When student loans restarted in October of last year, many borrowers were less than excited. The one saving grace for those struggling to keep up with these payments was the 12-month "on-ramp" where missed payments wouldn’t affect credit scores or result in default.
This on-ramp was intended to make restarting payments less of a burden on borrowers, but it’s quickly coming to a close. On September 30, any missed payments or partial payments will result in the usual consequences borrowers saw before the student loan pause.
These consequences include dings to borrowers' credit scores, loan default, collection calls and garnished wages if non-payment continues. This reinstating of consequences for missed student loan payments is likely to cause difficulties for many borrowers.
"If we take away the pause, it's fair to presume that a lot more stress will come, people will change their financial behaviors, and they probably won't be able to save as much or even spend as much on things," said Dan Collier, University of Memphis assistant professor of higher and adult education. "For older borrowers, that means retirement. For younger borrowers, that means emergency savings or investments for future income."
To see what you'd pay on a refinanced private student loan – either with or without a cosigner – visit Credible to view a rates table that allows you to compare fixed and variable rates from multiple lenders at once.
Biden-Harris administration providing more student loan forgiveness
While the end of the 12-month on-ramp may be bad news for some borrowers, the Biden administration is taking other actions to address the student loan crisis.
Most recently, the White House released a statement announcing that borrowers who took out $12,000 or less in loans, were enrolled in Biden’s SAVE Plan and made payments for the last 10 years will have their loans forgiven in February.
With 6.9 million borrowers enrolled in the SAVE Plan, this announcement could result in forgiveness for a huge number of borrowers. Those who are part of the plan will see this forgiveness happen automatically, with no necessary actions required on their part.
On top of this forgiveness, an additional 74,000 borrowers are eligible for debt cancelation under another forgiveness plan. A majority of the borrowers who will see forgiveness through this announcement are teachers, firefighters and healthcare professionals.
"My Administration is able to deliver relief to these borrowers – and millions more – because of fixes we made to broken student loan programs that were preventing borrowers from getting relief they were entitled to under the law," President Biden stated in a press release.
These individuals will earn forgiveness through the public service program that forgives debts for those in public service jobs who have made payments for at least 10 years. Many of those who will see forgiveness have paid longer than 10 years but never received the debt cancelation they were promised.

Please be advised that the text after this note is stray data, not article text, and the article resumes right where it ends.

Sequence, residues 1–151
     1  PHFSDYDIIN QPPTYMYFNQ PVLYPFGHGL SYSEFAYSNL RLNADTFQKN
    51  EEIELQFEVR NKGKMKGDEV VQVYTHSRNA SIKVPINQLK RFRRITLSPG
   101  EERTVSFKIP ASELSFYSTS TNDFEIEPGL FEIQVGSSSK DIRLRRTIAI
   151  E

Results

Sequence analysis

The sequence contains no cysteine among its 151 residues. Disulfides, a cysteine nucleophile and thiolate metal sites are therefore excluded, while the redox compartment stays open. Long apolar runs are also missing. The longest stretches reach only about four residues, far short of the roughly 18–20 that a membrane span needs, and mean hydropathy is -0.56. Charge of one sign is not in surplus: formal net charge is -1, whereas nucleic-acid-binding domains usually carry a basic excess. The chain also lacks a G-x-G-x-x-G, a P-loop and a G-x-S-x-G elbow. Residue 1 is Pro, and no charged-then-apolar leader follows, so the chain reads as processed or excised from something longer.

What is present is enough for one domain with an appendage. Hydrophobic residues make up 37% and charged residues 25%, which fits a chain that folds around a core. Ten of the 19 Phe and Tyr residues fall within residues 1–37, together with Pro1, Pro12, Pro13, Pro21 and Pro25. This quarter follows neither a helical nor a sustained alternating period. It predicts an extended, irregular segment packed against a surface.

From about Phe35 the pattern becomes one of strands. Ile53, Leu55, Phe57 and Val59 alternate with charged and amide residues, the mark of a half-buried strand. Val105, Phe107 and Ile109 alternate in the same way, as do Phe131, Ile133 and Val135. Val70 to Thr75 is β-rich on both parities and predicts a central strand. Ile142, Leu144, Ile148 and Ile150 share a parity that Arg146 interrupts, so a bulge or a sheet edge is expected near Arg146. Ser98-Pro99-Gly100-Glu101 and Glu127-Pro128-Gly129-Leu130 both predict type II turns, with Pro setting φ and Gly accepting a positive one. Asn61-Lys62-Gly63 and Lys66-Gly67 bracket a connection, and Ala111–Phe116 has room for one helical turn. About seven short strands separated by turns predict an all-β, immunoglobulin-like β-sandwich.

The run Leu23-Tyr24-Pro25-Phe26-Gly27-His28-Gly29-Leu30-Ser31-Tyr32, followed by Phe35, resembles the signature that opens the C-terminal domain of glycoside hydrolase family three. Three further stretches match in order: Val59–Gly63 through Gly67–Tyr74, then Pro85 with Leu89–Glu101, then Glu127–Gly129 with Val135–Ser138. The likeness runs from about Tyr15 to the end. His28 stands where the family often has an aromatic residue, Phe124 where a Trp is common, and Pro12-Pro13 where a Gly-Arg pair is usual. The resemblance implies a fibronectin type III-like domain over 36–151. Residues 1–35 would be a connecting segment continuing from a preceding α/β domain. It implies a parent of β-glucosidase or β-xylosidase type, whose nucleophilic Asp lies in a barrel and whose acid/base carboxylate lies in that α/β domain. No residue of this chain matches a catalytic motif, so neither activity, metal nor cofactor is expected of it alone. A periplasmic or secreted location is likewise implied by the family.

With these announcements, under Biden’s administration, 3.7 million Americans have received partial or complete debt cancelation.
If you are looking to reduce your monthly student loan payments, refinancing could be an option for you. Use Credible to compare student loan refinancing rates from multiple private lenders at once without affecting your credit score.
How to manage your student loan debt
Rather than dealing with the consequences of missed payments once the on-ramp ends, preparing now can help borrowers avoid negative financial consequences. While student loan debt can be difficult to overcome, there are steps all borrowers can take before deciding to avoid payments:
- Refinance student debt: Refinancing student loans helps borrowers combine their loan payments into one with a lower interest rate, reducing the overall cost of borrowing.
- Enroll in Biden’s SAVE Plan: Biden’s SAVE program is an income-driven repayment plan that’s designed to lower borrowers’ monthly student loan payments and eventually leads to forgiveness for many.
- Explore deferment or forbearance: Just because the federal student loan pause has ended doesn’t mean borrowers can’t explore other deferment or forbearance options, which would temporarily pause payments.
- Take up a side hustle: Sometimes the only way to make the necessary payments is to make more money. Side hustles provide extra income that can be directed toward loan payments.
- Look at all payment options: There are numerous low-payment and forgiveness paths for student loan borrowers. Income-driven repayments are based on a borrower’s income and are often low-cost options, but there are also pay-as-you-earn options and public service forgiveness programs that reward borrowers who work in certain industries.
An online marketplace tool can be handy for comparing student loan refinancing rates. Visit Credible to speak to a student loan expert and get all of your questions answered.
Have a finance-related question, but don't know who to ask? Email The Credible Money Expert at email@example.com and your question might be answered by Credible in our Money Expert column.